I MADE MY ENTRANCE into this world in the wee hours of September 9, 1950, a future bookworm and editor, the American reading public whose taste and custom I would later have designs on was caught up in the machinations of the Catholic Church and the criminal-justice system, the convulsions of the recently concluded Second World War and the anxieties of the newly developing cold war, the settling of the West and the folkways of the Old South, the intrigues of the courts of Eleanor of Aquitaine and the Pharaoh Akhenaten. It wanted to look younger and live longer, develop the power and maturity of its mind, peek into the nursery of the future Queen of England, escape to bohemian Paris and the Congo, entertain heretical ideas about the history of the solar system, and inform itself about the towering figures of American politics. If it was interested, however, in literature qua literature, traces of that interest are faint.
I know all this thanks to the online book-search service BiblioQuest, whose website allows you to call up the New York Times best-seller list for the week of your birthday (or any other day), back to 1950. When I first did so, I was expecting to find a tonier, more aspirational list than the dispiriting one we have today. After all, literary giants of the stature of Hemingway, Faulkner, Steinbeck, Greene, Welty, Waugh, and Mann still walked the earth, and such future postwar greats as Mailer, Vidal, and Bellow had already launched their careers. No such luck. Instead, we are firmly in the kingdom of the middlebrow. The only two novelists of real literary distinction are Robert Penn Warren, whose World Enough and Time, set in antebellum Kentucky, was the follow-up to his 1946 blockbuster All the King’s Men, and Alberto Moravia, the presence of whose Two Adolescents I am utterly unable to account for. Even as popular entertainment or instruction, none of these books, with the exception of one extreme outlier, L. Ron Hubbard’s Dianetics, was built for the decades; only nine of the thirty-two titles appear to be in print sixty years later, some of them tenuously.
In a famous essay, Gore Vidal read the top ten fiction best sellers of January 7, 1973, and reported wittily on his findings. I don’t have his stamina, and the only one of these books I myself have read is Giovanni Guareschi’s The Little World of Don Camillo, a novel of immense anthropological charm (not unlike that of the work of Alexander McCall Smith) that I highly recommend. With the admission that I am flying by instrument here, what might this snapshot of American reading habits really tell us? Well, to judge from the No. 1 status of Henry Morton Robinson’s The Cardinal, a big thumping roman à clef about Cardinal Spellman, the church excited the same sort of curiosity then that Dan Brown taps into today. The fiction list is dominated by the old-fashioned historical novel, with six books, by Warren, Gwen Bristow, Robert Henriques, Frank Yerby, Mika Waltari, and Slaughter, fitting that bill. Waltari’s The Egyptian is an interesting case: This novel of Very Old Egypt (fourteenth century BC) was the best-selling work of fiction of 1949 and was translated from, of all languages, Finnish. Three other novels, the Moravia, the Guareschi, and Hanama Tasaki’s Long the Imperial Way, a novelization of a Japanese soldier’s experiences in China, are translations, suggesting a greater cosmopolitanism than exists today. Unsurprisingly, World War II looms large as the subject of several novels, and others are set in the South, reflecting that region’s enduring influence on American literature and popular culture.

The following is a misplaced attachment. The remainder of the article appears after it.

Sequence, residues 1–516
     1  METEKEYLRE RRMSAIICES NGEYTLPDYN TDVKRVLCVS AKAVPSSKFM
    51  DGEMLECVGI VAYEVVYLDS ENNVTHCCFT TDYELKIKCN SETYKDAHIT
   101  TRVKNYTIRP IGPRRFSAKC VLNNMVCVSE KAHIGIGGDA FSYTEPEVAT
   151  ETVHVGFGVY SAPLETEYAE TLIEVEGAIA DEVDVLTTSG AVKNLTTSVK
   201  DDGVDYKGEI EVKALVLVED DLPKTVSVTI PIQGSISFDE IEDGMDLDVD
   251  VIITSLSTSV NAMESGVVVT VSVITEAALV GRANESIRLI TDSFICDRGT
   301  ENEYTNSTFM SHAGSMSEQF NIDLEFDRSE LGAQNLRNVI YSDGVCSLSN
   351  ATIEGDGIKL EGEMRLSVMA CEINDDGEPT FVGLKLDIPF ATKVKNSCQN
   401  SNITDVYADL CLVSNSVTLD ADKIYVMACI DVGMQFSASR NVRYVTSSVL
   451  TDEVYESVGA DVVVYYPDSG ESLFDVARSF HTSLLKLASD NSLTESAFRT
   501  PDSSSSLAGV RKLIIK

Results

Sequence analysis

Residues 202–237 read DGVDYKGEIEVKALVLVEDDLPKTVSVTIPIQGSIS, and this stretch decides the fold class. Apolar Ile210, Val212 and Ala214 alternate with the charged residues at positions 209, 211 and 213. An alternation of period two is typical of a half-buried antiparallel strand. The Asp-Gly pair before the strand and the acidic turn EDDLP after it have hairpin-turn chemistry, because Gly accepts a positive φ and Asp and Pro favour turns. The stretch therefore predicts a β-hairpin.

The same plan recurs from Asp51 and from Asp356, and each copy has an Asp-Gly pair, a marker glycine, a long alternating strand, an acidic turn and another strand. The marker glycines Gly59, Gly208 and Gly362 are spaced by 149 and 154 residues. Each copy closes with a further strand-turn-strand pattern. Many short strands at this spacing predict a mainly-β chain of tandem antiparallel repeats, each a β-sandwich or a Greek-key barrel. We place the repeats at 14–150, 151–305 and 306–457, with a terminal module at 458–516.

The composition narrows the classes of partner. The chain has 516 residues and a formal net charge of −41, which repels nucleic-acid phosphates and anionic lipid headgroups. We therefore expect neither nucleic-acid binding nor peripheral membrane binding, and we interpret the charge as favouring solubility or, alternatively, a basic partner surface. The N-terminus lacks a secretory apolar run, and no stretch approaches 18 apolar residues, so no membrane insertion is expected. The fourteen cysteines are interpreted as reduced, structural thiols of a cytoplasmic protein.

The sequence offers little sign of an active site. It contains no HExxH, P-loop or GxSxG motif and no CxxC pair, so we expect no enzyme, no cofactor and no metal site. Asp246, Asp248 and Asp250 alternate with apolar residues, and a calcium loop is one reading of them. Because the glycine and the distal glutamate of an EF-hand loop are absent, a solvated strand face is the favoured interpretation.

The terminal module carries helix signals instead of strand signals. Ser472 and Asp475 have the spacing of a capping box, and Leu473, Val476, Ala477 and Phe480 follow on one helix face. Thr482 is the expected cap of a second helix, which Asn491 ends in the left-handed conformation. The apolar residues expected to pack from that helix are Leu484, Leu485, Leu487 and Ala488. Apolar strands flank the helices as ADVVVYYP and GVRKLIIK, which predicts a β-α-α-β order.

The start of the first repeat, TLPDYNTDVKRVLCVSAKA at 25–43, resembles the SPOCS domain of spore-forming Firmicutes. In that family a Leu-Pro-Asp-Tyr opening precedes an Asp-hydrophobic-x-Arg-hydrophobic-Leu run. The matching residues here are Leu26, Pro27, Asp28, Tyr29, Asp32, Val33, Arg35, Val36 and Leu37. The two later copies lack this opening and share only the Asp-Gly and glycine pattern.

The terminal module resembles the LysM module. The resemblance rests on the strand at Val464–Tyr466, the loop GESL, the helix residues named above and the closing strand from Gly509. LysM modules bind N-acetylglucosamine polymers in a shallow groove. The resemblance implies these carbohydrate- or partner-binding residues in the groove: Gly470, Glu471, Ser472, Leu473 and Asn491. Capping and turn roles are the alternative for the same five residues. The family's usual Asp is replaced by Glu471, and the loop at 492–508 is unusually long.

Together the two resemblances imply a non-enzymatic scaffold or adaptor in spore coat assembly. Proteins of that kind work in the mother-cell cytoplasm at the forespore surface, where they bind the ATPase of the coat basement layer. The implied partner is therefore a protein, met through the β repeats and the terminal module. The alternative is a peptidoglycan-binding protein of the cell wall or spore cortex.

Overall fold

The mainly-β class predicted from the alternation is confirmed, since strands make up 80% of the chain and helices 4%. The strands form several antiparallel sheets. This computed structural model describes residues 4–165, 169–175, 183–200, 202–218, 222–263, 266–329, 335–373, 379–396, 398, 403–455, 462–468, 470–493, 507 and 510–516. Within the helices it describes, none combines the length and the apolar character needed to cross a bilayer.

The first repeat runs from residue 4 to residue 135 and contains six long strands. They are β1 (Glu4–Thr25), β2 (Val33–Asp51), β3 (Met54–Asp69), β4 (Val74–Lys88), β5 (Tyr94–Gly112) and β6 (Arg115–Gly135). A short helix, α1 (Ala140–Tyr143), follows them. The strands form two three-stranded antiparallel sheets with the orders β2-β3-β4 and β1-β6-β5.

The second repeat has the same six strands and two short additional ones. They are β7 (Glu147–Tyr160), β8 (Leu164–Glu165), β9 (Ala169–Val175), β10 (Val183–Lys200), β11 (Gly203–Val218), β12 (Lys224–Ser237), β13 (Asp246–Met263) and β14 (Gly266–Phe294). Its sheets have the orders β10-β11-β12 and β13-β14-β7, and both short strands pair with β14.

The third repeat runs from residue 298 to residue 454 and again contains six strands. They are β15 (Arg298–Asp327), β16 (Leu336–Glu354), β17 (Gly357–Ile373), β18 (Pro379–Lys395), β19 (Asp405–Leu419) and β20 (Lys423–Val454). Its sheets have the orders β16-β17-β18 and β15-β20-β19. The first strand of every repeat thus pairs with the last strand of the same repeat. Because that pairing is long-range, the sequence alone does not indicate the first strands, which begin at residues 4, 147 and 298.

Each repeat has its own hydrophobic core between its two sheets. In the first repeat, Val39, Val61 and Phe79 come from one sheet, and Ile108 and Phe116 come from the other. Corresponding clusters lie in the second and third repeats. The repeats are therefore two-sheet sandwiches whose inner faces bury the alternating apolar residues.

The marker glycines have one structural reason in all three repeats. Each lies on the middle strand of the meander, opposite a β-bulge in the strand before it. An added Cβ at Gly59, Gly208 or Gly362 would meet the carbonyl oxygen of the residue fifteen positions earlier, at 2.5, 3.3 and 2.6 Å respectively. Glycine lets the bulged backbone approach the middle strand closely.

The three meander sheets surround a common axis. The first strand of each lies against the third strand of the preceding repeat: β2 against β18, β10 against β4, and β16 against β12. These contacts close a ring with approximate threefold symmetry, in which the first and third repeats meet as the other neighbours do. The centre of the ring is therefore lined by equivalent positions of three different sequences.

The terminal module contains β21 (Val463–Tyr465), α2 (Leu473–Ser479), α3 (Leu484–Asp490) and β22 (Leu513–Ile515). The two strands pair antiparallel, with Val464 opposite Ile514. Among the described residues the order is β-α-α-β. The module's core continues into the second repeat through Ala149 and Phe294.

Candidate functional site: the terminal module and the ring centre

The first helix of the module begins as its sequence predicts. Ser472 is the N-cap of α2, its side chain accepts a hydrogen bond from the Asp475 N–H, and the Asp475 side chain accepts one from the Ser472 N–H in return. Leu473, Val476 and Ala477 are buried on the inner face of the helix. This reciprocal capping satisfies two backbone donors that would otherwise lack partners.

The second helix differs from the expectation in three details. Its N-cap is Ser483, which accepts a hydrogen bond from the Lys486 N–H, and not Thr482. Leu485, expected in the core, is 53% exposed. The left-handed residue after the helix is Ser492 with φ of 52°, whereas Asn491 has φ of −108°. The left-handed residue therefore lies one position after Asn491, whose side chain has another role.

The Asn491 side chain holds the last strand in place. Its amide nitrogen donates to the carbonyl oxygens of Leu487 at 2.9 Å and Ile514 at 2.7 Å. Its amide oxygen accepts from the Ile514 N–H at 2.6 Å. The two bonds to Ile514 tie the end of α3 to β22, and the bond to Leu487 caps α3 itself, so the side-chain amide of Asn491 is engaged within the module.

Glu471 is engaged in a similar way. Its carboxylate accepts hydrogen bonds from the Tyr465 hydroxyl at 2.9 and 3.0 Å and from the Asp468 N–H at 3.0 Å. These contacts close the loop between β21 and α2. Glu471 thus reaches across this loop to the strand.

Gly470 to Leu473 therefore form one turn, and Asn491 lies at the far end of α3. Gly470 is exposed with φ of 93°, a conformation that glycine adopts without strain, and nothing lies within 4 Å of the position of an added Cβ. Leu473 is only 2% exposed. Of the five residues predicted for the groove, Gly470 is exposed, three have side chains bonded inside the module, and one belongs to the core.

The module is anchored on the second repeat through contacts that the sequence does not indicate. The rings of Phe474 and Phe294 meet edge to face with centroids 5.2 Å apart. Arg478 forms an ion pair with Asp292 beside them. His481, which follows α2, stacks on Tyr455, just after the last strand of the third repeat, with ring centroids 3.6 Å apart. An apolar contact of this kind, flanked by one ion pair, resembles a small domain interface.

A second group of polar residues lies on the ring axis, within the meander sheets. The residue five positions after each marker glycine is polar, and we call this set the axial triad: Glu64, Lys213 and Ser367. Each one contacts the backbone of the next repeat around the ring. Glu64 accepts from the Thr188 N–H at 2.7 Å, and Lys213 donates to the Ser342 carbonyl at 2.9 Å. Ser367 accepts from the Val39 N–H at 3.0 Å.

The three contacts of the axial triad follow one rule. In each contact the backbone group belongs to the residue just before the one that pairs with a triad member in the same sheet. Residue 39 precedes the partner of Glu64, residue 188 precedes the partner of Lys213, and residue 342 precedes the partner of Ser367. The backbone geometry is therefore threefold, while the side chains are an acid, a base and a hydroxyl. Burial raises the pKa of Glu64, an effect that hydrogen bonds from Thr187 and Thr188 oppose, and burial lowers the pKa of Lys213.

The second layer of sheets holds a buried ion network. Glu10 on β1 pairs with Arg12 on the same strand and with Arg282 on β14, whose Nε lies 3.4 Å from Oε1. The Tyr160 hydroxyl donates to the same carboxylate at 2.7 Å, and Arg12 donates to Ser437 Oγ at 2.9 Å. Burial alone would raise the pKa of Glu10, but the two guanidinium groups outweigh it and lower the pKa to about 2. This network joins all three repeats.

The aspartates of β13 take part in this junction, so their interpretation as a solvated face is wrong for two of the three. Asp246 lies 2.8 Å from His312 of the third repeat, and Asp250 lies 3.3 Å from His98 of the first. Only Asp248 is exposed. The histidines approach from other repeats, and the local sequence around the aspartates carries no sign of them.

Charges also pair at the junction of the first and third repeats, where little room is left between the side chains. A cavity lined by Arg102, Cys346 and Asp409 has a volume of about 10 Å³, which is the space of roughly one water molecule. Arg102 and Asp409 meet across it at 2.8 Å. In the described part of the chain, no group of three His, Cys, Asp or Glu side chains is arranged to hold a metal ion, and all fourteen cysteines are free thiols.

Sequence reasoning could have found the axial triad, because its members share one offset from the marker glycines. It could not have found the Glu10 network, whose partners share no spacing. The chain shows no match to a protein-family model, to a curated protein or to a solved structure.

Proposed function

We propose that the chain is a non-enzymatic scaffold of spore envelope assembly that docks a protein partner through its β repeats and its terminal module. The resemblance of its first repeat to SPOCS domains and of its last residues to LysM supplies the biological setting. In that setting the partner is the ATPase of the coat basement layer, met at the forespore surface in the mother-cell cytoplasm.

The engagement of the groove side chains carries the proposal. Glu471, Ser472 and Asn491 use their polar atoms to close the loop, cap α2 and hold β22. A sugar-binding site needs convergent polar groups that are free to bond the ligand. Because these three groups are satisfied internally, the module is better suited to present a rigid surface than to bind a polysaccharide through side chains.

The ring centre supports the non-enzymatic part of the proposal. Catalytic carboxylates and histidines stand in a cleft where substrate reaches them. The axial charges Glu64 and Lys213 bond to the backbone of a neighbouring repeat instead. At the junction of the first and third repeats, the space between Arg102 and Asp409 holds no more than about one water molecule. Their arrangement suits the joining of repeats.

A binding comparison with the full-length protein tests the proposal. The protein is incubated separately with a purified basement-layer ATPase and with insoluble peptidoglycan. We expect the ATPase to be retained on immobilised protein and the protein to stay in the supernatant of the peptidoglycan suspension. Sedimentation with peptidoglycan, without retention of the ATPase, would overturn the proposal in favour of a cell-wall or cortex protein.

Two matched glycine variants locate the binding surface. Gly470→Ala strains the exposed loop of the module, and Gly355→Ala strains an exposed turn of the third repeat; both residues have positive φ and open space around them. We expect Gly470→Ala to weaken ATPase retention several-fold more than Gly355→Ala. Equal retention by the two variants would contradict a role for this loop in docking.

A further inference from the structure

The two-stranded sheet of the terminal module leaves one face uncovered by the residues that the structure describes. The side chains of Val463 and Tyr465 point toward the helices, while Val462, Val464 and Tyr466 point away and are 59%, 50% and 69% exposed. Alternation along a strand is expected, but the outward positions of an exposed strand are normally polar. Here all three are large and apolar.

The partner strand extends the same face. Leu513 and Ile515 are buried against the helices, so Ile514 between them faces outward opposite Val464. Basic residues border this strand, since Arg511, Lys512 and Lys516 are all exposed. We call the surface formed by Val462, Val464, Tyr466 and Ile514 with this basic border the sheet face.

And what comparisons might one make with the best-seller lists of today? Unlike Vidal, who maintained that the best sellers of 1973 were mimicking in prose the movies the novelists had seen in their youth, I can offer no grand unifying theory of American popular fiction or culture. One notes that my birthday fiction list, middlebrow as it might be, is free of the tyranny of genre that reigns today; nine of the fifteen titles on the Times list of April 24, 2011, are either mysteries or thrillers, and in other weeks the fantasy/sci-fi or romance category might hold equal sway. Today’s readers want to know what they are buying in advance and require their imaginative pleasures to be familiar ones. On the nonfiction side, the death grip of celebrity culture is all too evident, with titles by Tina Fey (OK, I know), Ashley Judd, Jesse Ventura, Sammy Hagar(!), and Barbara Eden (oh, for God’s sake) riding high. Blame television, an appliance only beginning its living-room hegemony in 1950.
But if I might hazard a concluding generalization, my birthday list just seems more adult than the one we have today. The history of the recent and more distant past is of greater interest to the readers of the ’50s—no surprise, since they’d lived through a decade and a half of history of the most strenuous and trying sort. While neither litterateurs nor intellectuals, these readers show signs of an abiding curiosity about the world as it actually exists. Today, in contrast, we seem spellbound by our entertainments and the people who deliver them—an insight that informs the great novel Infinite Jest by the late David Foster Wallace. As it happens, his posthumous work The Pale King just squeaks onto the fiction list at No. 15, providing the single spark of literary intelligence. Let’s blow on it and see whether we can get a fire going.
Gerald Howard is a book editor in New York.